two of my all-time heroes connect via the supreme essential econtalk podcast. look out for it this monday.

re-cross-posting from another blog written sep 2008 on discovering arthur de vany and the web’s beautiful serendipity.

  • relationships really are different on the internet.

    i fret about aging. always have. and so i am always curiously trying out strategies for resisting or enhancing the inevitable process and its physical consequences.
    thusfar my philosophy on health, diet, fitness etc has been to aim for a kind of (never fully realizable) balance. i’ve never adhered to a restrictive diet before. during my last year or two in dubai i used several nutrition-based catering services that would deliver five healthy and balanced meals a day to me during the work week (previous to those i ate the trad three meals without really thinking), i worked out with a personal trainer three times a week, practiced yoga with an instructor three times a week and would run a few times a week. a pretty balanced lifestyle – dubai is good like that. (it’s also obscenely accommodating of armies of life-helpers: shrinks, nutritionists, physiotherapists, manicurists, house-help, drivers, personal assistants, etc etc etc!).
    strangely, or not, since moving from dubai this summer, living life without assistance / assistants has been a refreshing change!
    recently though, the combination of being thirty, geographically unsettled and (physically) lazy this summer (the amazing food in beijing didn’t help either) has for the first time introduced me to the belly. i have never been a stranger to flab but this recent development is of a whole-together different class. it’s like i have two bodies, my original one and my uncorrelated belly. during long under the sun shirtless runs on entering that slightly delusional place i sometimes find myself looking down and having motivational conversations with the belly.
    i’ve always said better to be fit and fat than thin and unhealthy and now that i’ve actually tested it out i still hold it to be true.
    nevertheless, it’s time to lose the belly!


    so months ago when i was looking for some pre-MBA media related reading, i kept coming across this Hollywood Economics: How Extreme Uncertainty Shames the Film Industry (Routledge Studies in Contemporary Political Economy) book by arthur de vany. and i ended up subscribing to his blog. it turns out arthur is retired and is now primarily concerned with developing his evolutionary fitness philosophy, over time i slowly became more and more interested in his ideas and the community he is nurturing online around them. so much so that having ignored evey sinlge call to restrict my dieteray intake all my life i have know succumbed to the EF way. i am eating no carbs, eating irregularly and exercising intermittently.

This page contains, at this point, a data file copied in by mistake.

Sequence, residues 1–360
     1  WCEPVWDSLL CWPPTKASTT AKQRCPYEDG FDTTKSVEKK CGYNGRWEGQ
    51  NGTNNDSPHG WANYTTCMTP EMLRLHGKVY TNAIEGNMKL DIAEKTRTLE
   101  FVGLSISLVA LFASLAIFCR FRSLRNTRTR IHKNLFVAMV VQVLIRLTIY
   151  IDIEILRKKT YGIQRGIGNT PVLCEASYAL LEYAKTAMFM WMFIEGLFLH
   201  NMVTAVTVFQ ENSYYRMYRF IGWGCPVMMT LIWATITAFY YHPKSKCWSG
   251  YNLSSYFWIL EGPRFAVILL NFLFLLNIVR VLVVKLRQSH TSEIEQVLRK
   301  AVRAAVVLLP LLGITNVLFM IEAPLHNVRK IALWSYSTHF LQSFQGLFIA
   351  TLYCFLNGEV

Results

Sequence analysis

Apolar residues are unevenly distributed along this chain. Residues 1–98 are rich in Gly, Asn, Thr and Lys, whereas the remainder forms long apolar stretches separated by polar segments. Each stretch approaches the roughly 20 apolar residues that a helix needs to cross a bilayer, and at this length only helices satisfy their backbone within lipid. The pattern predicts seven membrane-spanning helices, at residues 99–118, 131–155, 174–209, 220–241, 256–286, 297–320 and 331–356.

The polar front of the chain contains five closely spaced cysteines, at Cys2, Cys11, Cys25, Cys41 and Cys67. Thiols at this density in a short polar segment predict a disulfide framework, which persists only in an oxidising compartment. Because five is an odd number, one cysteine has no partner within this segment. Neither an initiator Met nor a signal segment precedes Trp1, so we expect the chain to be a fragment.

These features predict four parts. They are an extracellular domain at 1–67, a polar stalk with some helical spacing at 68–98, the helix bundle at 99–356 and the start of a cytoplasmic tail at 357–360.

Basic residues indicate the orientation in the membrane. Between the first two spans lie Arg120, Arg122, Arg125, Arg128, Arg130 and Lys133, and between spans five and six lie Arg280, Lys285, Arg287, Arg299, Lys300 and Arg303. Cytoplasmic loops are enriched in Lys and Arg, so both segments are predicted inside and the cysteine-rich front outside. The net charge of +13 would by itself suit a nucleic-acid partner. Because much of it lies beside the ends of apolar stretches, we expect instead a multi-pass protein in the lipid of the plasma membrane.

A recent article in the Times of London touches on Arthur’s outlook and how it influences his takes on movies and health:

  • There is a parallel with his work on the economics of movies. Hollywood producers sit around in meeting rooms telling each other stories about why a film succeeds or fails – the stars, the directors, the trailers, anything. Marketing men join them and tell them more tall tales. And everybody feels good about themselves. “The stories give them the illusion of control, they reinforce prejudices and biases, and they all like to feel important.”

    But the stories are all false. The reality, as Arthur discovered, is that 5% of movies pay for the other 95%, and success or failure is unpredictable. The best the studios can hope to do is find contractual mechanisms that back success after it happens and thus leverage their profits. This was what they had with distributors and cinemas, and it worked. They just didn’t realise it was these deals and almost nothing else that was paying for their Cohiba cigars. The movie industry was what Arthur loves best: “a complex, adaptive, decentralised system”. Exactly like the human body.

    de vany preaches a palaeolithic lifestyle (he argues our bodies haven’t evolved for the modern one): no carbs no packaged foods, plenty of protein, fruits and vegetables, intermittent and irregular eating and power-law working out.

    these are the ways trust can be built on the web. i mean to entrust my health to some 71 year old retired economics professor in Utah who keeps a blog on the internet over those who i have known for years or other professionals (including doctors and trainers) i have met in person – something’s going on here.

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